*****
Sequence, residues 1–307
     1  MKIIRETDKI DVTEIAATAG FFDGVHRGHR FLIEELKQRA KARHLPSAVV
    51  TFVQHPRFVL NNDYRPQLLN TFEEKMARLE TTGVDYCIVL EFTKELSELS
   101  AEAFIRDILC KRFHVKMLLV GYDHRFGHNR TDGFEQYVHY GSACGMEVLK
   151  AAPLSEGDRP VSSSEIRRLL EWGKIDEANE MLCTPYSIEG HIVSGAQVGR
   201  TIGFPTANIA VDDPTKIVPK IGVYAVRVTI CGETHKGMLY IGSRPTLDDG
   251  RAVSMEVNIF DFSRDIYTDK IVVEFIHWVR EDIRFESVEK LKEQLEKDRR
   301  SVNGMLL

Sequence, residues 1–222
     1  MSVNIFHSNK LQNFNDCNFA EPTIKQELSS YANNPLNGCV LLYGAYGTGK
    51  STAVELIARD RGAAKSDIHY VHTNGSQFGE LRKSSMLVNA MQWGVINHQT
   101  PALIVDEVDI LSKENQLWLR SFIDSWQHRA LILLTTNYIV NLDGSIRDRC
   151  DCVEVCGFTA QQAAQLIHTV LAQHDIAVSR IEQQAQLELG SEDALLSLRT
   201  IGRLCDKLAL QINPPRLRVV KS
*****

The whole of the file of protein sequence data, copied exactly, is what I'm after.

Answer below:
Sequence, residues 1–307
     1  MKIIRETDKI DVTEIAATAG FFDGVHRGHR FLIEELKQRA KARHLPSAVV
    51  TFVQHPRFVL NNDYRPQLLN TFEEKMARLE TTGVDYCIVL EFTKELSELS
   101  AEAFIRDILC KRFHVKMLLV GYDHRFGHNR TDGFEQYVHY GSACGMEVLK
   151  AAPLSEGDRP VSSSEIRRLL EWGKIDEANE MLCTPYSIEG HIVSGAQVGR
   201  TIGFPTANIA VDDPTKIVPK IGVYAVRVTI CGETHKGMLY IGSRPTLDDG
   251  RAVSMEVNIF DFSRDIYTDK IVVEFIHWVR EDIRFESVEK LKEQLEKDRR
   301  SVNGMLL

Sequence, residues 1–222
     1  MSVNIFHSNK LQNFNDCNFA EPTIKQELSS YANNPLNGCV LLYGAYGTGK
    51  STAVELIARD RGAAKSDIHY VHTNGSQFGE LRKSSMLVNA MQWGVINHQT
   101  PALIVDEVDI LSKENQLWLR SFIDSWQHRA LILLTTNYIV NLDGSIRDRC
   151  DCVEVCGFTA QQAAQLIHTV LAQHDIAVSR IEQQAQLELG SEDALLSLRT
   201  IGRLCDKLAL QINPPRLRVV KS